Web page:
Perils of Ignoring AIDS
Following the 20th anniversary this summer of the HIV/AIDS epidemic,
we spoke with Kenrad Nelson, MD, about the current global situation
of the disease and what needs to be done. Nelson is professor and
director of Infectious Disease Epidemiology in the Department of
Q. It was recently announced that the U.S. is putting an additional
$200 million into the international fight against AIDS. Will this
A. No. The World Health Organization [WHO] has said that an additional
$7-8 billion per year will be needed. Other European governments
and private foundations will help, but the U.S. needs to do more.
The control of HIV in Africa certainly is in the vested interests
of the U.S. and Europe. If the countries in Africa and Asia become
politically unstable, that certainly will affect us. If new HIV
viruses recombine, and emerge, it may complicate the development
of a preventive vaccine even further.
Q. Is more money the answer?
A. I suspect no matter how much money is spent, it will not be
possible to fully equalize the situation between poor African communities
and the U.S. In many African countries, there are very few doctors,
clinics, and nurses, outside the large cities. Nonetheless, I think
at least in the cities it would be possible to establish some specialized
clinics and train clinicians to identify, treat, and monitor HIV-positive
Q. Despite all we've learned about HIV and its transmission in the
past 20 years, 36 million people are estimated to be HIV-infected,
almost 90 percent of them in developing countries. Why haven't prevention
efforts been more successful?
A. When there isn't agreement among the political and religious
leaders that this is a serious problem and how it should be addressed,
it becomes more difficult to deal with.
I understand that several religious
leaders in Africa have recently opposed the promotion of condoms
to prevent HIV. This type of confused leadership contributes to
the problem. So politicians may believe it politically easiest to
just ignore the epidemic. AIDS is different from malaria and tuberculosis
and many other infectious diseases in that it involves marginalized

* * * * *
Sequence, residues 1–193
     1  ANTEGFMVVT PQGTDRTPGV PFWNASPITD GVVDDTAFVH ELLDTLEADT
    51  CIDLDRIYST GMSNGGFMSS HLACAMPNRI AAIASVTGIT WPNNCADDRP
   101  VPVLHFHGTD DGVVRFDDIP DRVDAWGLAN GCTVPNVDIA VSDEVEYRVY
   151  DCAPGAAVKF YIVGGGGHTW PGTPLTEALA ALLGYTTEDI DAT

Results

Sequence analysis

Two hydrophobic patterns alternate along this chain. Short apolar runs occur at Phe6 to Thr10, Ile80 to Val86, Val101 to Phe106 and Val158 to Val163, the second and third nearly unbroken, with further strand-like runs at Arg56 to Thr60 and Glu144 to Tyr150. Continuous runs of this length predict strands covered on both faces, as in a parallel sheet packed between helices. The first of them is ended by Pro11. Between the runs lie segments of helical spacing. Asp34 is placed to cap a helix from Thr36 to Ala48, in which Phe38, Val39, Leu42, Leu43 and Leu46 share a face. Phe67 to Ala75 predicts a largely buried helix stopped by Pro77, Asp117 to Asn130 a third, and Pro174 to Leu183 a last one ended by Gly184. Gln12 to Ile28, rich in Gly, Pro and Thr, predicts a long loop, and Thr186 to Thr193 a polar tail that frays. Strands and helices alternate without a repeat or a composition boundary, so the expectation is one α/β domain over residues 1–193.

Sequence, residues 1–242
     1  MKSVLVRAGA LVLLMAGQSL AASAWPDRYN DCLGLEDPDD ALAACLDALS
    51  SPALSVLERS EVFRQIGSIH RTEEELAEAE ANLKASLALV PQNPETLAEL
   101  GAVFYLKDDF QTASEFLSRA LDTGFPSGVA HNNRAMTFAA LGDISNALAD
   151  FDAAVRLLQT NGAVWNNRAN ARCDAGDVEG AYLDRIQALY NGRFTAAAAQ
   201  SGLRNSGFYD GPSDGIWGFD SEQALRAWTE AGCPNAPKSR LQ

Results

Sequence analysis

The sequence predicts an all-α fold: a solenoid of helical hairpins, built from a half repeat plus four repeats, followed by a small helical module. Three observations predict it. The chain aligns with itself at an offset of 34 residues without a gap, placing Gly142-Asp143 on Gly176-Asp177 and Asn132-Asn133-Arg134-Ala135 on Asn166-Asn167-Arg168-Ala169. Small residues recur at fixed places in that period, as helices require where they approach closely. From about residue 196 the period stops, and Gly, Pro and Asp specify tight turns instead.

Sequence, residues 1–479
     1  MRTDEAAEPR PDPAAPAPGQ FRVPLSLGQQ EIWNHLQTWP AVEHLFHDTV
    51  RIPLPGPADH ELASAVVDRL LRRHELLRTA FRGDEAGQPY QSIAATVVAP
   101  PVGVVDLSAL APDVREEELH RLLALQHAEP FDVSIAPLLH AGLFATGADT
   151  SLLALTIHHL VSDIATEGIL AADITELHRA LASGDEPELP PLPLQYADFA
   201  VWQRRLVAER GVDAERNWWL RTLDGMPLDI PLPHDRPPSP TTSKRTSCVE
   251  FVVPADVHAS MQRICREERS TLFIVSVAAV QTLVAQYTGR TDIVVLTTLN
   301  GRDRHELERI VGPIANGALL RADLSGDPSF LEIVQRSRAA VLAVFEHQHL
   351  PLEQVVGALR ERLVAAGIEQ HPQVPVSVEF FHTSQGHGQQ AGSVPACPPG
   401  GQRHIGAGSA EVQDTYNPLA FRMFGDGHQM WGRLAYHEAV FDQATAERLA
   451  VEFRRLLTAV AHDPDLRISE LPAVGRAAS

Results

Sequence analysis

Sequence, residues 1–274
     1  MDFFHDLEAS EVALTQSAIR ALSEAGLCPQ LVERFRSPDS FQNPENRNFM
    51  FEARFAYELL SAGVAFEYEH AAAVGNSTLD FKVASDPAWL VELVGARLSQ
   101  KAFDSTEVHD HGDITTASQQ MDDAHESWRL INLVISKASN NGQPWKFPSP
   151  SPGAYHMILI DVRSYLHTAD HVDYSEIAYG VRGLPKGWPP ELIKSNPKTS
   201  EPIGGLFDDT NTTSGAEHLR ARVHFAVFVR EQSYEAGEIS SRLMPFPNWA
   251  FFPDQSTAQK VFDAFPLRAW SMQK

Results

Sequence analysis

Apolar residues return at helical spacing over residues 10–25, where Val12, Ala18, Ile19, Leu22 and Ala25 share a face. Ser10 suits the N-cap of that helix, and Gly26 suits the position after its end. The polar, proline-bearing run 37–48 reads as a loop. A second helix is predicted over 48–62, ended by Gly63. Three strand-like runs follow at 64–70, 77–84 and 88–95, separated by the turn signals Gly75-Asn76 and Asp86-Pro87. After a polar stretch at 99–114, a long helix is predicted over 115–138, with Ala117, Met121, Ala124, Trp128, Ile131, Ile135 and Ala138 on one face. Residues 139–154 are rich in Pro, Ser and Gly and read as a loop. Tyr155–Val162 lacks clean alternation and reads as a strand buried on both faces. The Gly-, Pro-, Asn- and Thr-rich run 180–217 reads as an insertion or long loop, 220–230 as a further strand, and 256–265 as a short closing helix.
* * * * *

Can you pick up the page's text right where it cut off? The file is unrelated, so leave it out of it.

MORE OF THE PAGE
populations and issues of sexual behavior, drug use, commercial
sex, and rape.
Q. What makes some programs successful?
A. Only when countries have decided that HIV/AIDS is a preeminent
health problem that they must deal with have they been successful.
Thailand is one example. The prevalence of HIV among 21-year-old
military conscripts has decreased from 12 percent in 1991-92 to
about 2 percent in 2000. And, less than 5 people per 1,000 per year
now are becoming infected. Uganda, Senegal, and Zambia also have
effective prevention programs. But these countries are exceptions.
The HIV/AIDS epidemic has exploded
in the last five years in southern Africa. In Botswana over 35 percent
of the entire adult population is infected. Similar rates of infection
are seen in populations in South Africa, Namibia, Zimbabwe, and
Malawi. The WHO has estimated that, if the epidemic continues, the
likelihood of a young man in Zimbabwe dying from AIDS before he
reaches the age of 50 is 60 percent.
Q. Given those statistics and the fact that one in 10 sub-Saharan
Africans between the ages of 15 and 49 is infected with HIV, what's
going to happen in the next few decades?
A. Without effective intervention, it probably will have the same
devastating effect it now has. Or worse.
I think the choice is really clear. We need to move on this. There
are really effective prevention techniques that have been shown
to work in developing countries, and there are therapeutic advances
that would really make a difference. I think as health professionals
we need to be in the forefront in educating politicians and the
public about the severity of the current problem and what the outlook
is if we don't act now.